Colonel Rudder put his 2nd Ranger Battalion through hell in order to prepare them for their mission at Pointe du Hoc. He made them march in full gear for over 20 miles. He had them train in hand to hand combat, climb rope ladders without safety harnesses and endure difficult amphibious training.
The success that the Rangers had on D-Day was a direct result of Rudder’s intense personal involvement with their training. The amount of effort and dedication he put forth into the training is why the troops were able to manage the chaos and complete their mission. Rudder made sure that every man was prepared to do the impossible.
James Earl Rudder was born in the small Texas town of Eden, about 45 miles southeast of San Angelo, in 1910. After graduating from high school, he played football for two years at Tarleton State. He then transferred to Texas A&M in 1930. He graduated in 1932 with a degree in education. After graduation he joined the US Army Reserves as a second lieutenant.
In 1937, he married Margaret Williamson (who graduated from the University of Texas), and together they had five children. In 1941, he was doing what he loved, coaching football, when duty called.
These brave men who cracked the Nazi grip on Europe began with the liberation of France 70 years ago. From there, the Rangers went on to fight in the Battle of the Bulge and U.S. forces on to Germany. Nothing like it had ever been done before in history. Over 150,000 Allied soldiers hit the beaches during the assault landings on the 6th of June.
By the 4th of July, over 1 million joined in the invasion force through Normandy. It was a miraculous feat for 1944.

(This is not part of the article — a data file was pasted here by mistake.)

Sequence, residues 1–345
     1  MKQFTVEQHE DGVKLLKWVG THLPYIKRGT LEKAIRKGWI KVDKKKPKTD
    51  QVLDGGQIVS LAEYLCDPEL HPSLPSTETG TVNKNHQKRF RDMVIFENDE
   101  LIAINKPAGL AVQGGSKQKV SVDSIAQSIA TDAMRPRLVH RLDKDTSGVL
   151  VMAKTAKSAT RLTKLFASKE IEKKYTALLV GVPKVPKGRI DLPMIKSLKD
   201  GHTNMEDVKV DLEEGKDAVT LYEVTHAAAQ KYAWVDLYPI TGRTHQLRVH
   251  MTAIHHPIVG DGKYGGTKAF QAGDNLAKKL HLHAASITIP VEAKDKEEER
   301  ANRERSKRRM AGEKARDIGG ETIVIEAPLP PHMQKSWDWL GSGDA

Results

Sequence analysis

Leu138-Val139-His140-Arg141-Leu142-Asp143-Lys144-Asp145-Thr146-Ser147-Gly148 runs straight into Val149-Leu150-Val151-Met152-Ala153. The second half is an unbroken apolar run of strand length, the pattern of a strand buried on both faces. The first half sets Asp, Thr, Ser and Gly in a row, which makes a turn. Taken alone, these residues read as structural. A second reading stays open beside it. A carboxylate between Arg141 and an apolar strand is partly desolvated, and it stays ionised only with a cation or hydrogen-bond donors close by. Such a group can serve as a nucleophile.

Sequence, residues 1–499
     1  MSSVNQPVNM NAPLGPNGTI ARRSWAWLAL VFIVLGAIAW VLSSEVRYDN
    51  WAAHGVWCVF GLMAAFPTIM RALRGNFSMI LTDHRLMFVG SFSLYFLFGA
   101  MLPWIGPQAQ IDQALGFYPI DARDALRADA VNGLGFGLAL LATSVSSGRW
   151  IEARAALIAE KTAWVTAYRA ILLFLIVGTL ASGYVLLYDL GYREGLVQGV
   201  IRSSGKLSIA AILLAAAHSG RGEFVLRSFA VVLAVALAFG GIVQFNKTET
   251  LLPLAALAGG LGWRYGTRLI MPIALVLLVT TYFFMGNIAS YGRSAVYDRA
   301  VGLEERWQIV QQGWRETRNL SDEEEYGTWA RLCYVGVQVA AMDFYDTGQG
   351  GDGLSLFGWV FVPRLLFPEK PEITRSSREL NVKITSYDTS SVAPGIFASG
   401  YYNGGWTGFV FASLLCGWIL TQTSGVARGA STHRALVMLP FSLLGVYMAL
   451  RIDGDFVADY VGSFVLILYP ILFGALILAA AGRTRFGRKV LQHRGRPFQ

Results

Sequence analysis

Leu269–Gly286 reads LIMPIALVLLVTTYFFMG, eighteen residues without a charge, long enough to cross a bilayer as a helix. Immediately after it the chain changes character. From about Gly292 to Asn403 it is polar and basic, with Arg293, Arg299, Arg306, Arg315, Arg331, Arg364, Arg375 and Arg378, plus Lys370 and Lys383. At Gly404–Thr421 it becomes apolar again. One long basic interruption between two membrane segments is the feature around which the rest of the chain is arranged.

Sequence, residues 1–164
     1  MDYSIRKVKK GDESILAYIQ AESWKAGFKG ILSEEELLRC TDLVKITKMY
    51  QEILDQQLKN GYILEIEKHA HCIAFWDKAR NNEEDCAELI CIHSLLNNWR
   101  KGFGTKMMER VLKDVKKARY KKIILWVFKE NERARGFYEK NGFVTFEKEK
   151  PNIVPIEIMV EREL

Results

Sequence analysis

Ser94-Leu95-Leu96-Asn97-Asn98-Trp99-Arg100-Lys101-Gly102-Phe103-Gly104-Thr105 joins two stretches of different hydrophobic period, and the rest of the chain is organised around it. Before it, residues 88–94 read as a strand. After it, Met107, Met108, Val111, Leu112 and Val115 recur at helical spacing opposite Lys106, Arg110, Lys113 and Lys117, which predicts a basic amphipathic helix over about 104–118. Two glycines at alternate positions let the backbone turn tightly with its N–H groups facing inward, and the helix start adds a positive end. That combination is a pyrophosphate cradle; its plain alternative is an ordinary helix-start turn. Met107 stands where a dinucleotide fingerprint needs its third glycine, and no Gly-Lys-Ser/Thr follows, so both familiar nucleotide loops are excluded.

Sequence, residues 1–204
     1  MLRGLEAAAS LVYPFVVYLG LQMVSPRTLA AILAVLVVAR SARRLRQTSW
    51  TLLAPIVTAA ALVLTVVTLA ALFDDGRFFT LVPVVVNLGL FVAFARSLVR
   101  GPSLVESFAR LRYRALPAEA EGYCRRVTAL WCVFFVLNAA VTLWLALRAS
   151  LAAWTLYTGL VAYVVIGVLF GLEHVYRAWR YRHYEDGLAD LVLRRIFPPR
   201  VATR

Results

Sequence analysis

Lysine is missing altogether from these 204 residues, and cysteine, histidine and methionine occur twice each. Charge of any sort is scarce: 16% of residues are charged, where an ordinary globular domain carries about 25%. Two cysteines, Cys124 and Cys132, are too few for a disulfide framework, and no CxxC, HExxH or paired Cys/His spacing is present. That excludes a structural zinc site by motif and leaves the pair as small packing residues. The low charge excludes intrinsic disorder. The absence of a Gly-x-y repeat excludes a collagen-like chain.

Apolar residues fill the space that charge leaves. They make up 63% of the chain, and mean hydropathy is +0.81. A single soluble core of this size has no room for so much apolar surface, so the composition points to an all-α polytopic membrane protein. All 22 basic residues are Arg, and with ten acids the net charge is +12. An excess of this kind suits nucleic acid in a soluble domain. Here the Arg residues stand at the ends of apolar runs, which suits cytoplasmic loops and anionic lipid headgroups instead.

Colonel Rudder received many military honors including the second highest award, the Distinguished Service Cross. He was a full Colonel by the end of the war and was promoted to Brigadier General of the U.S. Army Reserves in 1954 and Major General in 1957.
After the war, Rudder returned to Texas. He remained a highly successful and distinguished Texan until his death.
He served as Mayor of Brady for 6 years, visited the White House frequently- advising Lyndon Baines Johnson on many military issues and was hired to clean up the corruption going on in the General Land Office.
Col. Rudder became president of Texas A&M University in 1959 and president of the entire A&M system in 1965, holding both positions until his death in 1970.
The boys of D –Day came; they liberated; and some went home. Over 9,000 other GIs are buried at the top of the cliffs of Normandy France. As we reflect on those Rangers on D-Day, 70 years ago, and the Texan who led them into battle, Lt. Col. James Earl Rudder, we once again marvel at the lives of those we call the Greatest Generation of Americans.
And that’s just the way it is.